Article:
That is one of the reasons I think the Winser London collections are so good – for both
professional and non-working women.
I am grateful that you have been a long-standing fan of Winser London. May I ask which are your favourite pieces from our current collection?
From the current collection, it has to be the Boyfriend Jumper which I have five or six of in
different colours – purple, light pink, ivory, light blue... I like to wear one on colder days
with a matching Winser London knitted piece such as a coatigan in exactly the same colour.
It then looks like a modern twinset and has a slimming and lengthening effect that’s rather
good! On warmer days I will team a Boyfriend Jumper with one of your beautiful silk
blouses in the same colour, which gives a very sophisticated look.
An outstanding favourite Winser piece of mine is the beautiful Eau de Nil leather coat, which
I don’t think you do any more, but it always attracts admiring attention when I wear it ... I
What do you do to support your health and wellbeing?
I am not athletic, but I want to be fit and healthy and well. I do Pilates, which is good for strength and flexibility. Back home in Adelaide I live by the ocean , so I walk on the beach and swim regularly. In London, I walk everywhere. During lockdown I discovered the joy of jigsaws and audio books - I really enjoy listening to those while I do a puzzle or walk, especially if it’s someone reading their own autobiography. I also read a lot of women’s fiction and am not averse to a gripping page-turner.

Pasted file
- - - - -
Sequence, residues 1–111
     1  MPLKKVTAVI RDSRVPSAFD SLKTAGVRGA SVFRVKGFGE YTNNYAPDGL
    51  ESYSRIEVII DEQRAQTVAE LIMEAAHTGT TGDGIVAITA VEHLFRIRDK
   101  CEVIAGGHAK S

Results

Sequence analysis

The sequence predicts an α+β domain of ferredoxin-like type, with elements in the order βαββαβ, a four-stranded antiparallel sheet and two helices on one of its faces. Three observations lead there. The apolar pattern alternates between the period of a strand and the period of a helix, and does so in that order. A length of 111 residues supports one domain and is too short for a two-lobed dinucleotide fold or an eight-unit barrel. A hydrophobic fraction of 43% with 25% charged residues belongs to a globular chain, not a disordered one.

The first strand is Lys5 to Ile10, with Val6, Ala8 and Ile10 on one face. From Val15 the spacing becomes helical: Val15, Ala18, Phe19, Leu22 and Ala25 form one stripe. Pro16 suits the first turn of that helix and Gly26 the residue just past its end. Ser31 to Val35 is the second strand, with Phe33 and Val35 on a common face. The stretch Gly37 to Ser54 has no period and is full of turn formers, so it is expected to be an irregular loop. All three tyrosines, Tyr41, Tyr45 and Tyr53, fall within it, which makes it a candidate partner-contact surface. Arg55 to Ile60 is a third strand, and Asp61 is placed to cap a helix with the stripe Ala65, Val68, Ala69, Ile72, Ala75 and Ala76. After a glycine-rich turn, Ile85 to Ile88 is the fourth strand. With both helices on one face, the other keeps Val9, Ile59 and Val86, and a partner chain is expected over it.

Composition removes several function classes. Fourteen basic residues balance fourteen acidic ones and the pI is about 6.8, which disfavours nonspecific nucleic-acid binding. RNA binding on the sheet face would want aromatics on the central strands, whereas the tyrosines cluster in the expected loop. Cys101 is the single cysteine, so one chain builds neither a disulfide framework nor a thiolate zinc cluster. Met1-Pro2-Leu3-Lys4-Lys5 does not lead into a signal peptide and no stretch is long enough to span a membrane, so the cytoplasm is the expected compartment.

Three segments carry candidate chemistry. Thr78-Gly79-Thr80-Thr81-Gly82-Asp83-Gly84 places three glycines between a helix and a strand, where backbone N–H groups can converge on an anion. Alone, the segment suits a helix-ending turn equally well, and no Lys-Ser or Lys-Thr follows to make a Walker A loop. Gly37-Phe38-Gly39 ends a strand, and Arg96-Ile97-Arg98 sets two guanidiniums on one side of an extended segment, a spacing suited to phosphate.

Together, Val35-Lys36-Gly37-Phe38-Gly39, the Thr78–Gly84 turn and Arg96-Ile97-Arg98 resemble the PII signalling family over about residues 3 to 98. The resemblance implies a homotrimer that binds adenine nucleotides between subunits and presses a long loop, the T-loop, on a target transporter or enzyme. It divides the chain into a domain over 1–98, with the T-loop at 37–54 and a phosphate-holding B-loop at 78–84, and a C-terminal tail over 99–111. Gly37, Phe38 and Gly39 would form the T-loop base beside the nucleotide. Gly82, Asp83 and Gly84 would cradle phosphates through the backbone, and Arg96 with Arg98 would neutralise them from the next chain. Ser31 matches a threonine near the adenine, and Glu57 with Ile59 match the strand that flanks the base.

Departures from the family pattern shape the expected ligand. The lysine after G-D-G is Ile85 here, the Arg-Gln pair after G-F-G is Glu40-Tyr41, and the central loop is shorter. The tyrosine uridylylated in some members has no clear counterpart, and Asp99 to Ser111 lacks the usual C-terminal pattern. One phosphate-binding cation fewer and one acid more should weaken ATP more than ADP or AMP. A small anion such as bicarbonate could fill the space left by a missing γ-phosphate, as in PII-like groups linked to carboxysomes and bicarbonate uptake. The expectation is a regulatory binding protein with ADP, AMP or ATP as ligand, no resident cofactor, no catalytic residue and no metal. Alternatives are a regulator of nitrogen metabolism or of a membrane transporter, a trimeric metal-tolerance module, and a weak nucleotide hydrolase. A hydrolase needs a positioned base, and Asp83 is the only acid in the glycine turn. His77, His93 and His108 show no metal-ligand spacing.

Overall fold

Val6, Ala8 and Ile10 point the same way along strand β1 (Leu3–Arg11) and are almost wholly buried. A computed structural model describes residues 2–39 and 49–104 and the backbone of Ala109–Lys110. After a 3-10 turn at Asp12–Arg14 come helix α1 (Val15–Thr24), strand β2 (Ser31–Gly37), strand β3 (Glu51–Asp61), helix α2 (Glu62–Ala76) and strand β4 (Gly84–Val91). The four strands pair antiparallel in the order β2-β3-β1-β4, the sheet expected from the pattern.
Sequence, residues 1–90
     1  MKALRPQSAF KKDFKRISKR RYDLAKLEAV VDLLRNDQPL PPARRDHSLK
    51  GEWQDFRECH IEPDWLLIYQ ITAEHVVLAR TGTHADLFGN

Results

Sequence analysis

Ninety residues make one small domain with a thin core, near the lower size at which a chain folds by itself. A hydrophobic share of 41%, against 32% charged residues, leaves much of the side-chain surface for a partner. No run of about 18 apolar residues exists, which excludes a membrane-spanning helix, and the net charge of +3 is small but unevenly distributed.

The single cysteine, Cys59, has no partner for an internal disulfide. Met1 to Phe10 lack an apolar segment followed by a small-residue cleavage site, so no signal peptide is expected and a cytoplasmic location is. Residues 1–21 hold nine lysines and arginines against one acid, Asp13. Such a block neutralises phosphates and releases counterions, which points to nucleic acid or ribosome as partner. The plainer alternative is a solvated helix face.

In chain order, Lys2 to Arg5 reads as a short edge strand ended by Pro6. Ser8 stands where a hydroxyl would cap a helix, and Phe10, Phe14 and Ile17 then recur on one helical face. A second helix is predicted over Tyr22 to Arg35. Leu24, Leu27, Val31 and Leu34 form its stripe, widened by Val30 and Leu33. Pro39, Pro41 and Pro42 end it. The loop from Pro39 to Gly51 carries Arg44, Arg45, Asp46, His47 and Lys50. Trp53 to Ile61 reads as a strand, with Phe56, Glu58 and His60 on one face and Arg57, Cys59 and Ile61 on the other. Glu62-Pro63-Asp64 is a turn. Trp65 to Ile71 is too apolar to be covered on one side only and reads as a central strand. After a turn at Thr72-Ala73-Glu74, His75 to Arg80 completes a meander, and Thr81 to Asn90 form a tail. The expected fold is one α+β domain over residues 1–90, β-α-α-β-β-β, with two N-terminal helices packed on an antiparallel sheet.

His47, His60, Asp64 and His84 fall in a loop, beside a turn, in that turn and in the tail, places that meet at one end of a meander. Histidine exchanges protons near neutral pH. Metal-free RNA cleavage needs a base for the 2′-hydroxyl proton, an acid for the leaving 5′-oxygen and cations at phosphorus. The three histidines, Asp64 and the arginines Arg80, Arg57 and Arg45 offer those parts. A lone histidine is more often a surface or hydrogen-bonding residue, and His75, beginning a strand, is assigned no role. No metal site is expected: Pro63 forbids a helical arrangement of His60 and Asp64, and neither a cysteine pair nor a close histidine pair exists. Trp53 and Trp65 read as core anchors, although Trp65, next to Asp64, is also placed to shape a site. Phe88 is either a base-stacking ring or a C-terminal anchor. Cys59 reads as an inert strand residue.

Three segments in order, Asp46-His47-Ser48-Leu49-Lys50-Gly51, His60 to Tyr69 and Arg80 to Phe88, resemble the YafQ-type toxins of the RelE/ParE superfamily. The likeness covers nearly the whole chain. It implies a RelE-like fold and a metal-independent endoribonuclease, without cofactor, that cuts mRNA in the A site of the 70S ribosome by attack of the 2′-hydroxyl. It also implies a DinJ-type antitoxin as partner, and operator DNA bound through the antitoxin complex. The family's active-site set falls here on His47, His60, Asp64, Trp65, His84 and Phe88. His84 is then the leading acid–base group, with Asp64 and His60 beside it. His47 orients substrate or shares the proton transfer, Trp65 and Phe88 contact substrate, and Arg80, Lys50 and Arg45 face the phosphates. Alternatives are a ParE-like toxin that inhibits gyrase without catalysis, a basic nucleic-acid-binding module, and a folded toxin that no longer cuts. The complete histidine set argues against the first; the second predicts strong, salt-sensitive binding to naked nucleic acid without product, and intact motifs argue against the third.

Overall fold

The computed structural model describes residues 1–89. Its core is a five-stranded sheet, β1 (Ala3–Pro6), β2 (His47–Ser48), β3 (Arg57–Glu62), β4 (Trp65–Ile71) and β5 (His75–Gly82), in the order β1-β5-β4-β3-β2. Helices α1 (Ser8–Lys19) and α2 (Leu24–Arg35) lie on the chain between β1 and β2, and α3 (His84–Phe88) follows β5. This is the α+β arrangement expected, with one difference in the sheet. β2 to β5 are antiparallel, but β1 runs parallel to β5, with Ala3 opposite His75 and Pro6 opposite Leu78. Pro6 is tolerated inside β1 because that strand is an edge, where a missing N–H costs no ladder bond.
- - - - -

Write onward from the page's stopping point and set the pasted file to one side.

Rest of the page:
Being Prime Minister tested my ability to manage sleep, eat well and decompress. I’ve never been one of those that can function on four hours sleep. Now I don’t work to the relentless pressure of being PM, I am more able to control rest and recuperation time, but as I often do speaking engagements I can’t fall into my natural rhythm of early nights and early mornings.
Do you have a dream dinner party guest list?
Nelson Mandela was the hero of my youth, and I cut political teeth and awareness of social injustice in the anti-Apartheid era, so he would top of my invite list. I have had the wonderful experience of meeting and spending time with some of the remarkable women who have forged the way in recent history, such as Madeleine Albright, Ellen Johnson Sirleaf and Hillary Clinton but of course they’d be at my table. Barack and Michelle Obama, too. And I’d love to have some of the great writers that I’ve enjoyed throughout my life, including Jane Austen and Virginia Woolf.
Would you share your guilty pleasure?
Red wine - anything from Australia, obviously, but South Australia in particular. I enjoy a Pinot Noir, rather than a heavy red. And a plate of cheese and crackers and great conversation.